NetSpend Stealthily Settles FTC Charges Ahead of Fight Over CFPB Prepaid Card Rules

By Lauren Saunders

The Georgia company leading the charge against new rules for prepaid cards has agreed to refund $53 million for denying customers’ access to their own money despite ads promising “instant access.”

The under-the-radar settlement between NetSpend and the Federal Trade Commission was released late last Friday night, just two days after Senator David Perdue and other Georgia lawmakers quietly moved to utilize an obscure law to block the Consumer Financial Protection Bureau’s prepaid card rule. That rule would guard consumers against fraud, improve disclosures of hidden fees, and limit — although not prohibit — prepaid cards with overdraft features that turn the cards into high-cost credit products. The rule also protects workers by requiring employers to disclose fees on payroll cards before employees sign up and making sure that workers know they do not need to accept their pay in that form.

Prepaid cards should be just that: prepaid, as are 98 percent of such cards currently on the market. NetSpend is the big exception to the rule — the only major prepaid company with opt-in overdraft fees, deceptively marketed as “protection.” NetSpend primarily sells its cards, which can repeatedly trigger $15-$25 overdraft fees, through payday lenders and employers, such as fast food chains. The company’s biggest single distributor is the payday lending chain ACE Cash Express. NetSpend cards are also unusual in permitting payday lenders to debit accounts on a user’s payday, potentially triggering an overdraft fee.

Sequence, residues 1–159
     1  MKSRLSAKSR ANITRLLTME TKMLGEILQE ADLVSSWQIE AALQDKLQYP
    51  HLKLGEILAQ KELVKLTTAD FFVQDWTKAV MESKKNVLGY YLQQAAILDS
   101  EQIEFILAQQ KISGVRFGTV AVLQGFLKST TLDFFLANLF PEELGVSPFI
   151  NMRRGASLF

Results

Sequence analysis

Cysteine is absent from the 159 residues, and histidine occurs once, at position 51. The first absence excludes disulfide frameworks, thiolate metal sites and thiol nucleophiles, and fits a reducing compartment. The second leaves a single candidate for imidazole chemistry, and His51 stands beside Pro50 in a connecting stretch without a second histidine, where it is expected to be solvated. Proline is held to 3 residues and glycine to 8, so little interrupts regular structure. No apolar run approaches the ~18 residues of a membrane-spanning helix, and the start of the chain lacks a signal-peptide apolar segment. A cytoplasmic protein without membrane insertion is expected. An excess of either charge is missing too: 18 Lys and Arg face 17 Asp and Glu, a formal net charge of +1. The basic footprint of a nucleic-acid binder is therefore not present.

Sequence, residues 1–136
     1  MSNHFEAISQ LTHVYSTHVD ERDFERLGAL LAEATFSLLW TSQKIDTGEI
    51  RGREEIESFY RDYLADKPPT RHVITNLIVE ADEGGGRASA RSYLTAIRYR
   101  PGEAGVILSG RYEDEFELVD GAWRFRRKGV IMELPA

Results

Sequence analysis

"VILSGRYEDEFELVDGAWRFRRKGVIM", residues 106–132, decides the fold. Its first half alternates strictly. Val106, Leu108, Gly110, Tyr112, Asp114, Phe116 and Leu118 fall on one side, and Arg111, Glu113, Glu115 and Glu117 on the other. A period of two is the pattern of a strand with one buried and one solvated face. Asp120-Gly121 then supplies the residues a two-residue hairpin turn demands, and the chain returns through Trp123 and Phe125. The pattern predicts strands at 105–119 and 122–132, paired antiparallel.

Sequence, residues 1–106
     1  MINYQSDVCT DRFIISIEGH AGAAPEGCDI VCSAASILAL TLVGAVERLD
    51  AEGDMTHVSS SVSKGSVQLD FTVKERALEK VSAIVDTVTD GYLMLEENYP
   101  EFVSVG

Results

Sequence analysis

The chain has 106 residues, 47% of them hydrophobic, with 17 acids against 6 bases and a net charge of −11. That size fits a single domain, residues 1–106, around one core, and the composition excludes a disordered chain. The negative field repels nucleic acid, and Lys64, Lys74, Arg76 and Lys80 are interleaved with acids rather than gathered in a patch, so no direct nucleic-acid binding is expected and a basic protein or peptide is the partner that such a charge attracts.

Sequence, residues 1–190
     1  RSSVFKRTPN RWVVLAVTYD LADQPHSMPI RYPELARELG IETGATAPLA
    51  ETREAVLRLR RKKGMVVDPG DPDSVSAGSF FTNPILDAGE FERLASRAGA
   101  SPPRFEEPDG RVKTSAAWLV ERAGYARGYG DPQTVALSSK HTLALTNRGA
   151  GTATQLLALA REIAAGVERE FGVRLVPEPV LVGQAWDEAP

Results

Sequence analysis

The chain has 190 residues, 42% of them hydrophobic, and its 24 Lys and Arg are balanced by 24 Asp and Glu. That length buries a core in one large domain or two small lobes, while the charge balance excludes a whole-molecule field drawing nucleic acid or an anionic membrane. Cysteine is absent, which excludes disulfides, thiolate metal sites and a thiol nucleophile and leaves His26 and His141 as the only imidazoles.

The company is fighting the CFPB rule because, it has told investors, it stands to lose roughly $80 million in fees annually if the rule goes through.

Users of prepaid cards often live paycheck to paycheck. But after wooing customers with ads promising “guaranteed approval” and “immediate access” to funds with “no waiting,” NetSpend kept some people waiting for weeks, or never approved them at all, even after they had loaded money onto their cards. The FTC order prohibits NetSpend from misrepresenting its card activation procedures in the future, in addition to requiring the company to return $53 million to those who were denied access to their money.

Largely at NetSpend’s behest, lawmakers have filed resolutions in both the House of Representatives and the Senate, invoking the rarely used Congressional Review Act to keep the CFPB’s prepaid card rule from taking effect. If the resolutions are approved, the consumer watchdog will be forever barred from enacting a substantially similar rule without Congress’s permission.

The largest prepaid card company, Green Dot, supports the CFPB’s rule, which basically assures prepaid card users of protections they already enjoy with credit and debit cards. In fact, no prepaid card company other than NetSpend has come out against the rule. It would be outrageous for Congress to block these common sense protections for millions of Americans simply in order to allow a single company to keep gouging cash-strapped families with overdraft fees to the collective tune of $80 million or more a yea

The prepaid card rule is scheduled to go into effect on October 1, 2017, although the CFPB has agreed to extend the effective date until to April 1, 2018, to allow companies more time to bring their practices into full compliance. — Lauren Saunders

Lauren Saunders is Associate Director of the National Consumer Law Center
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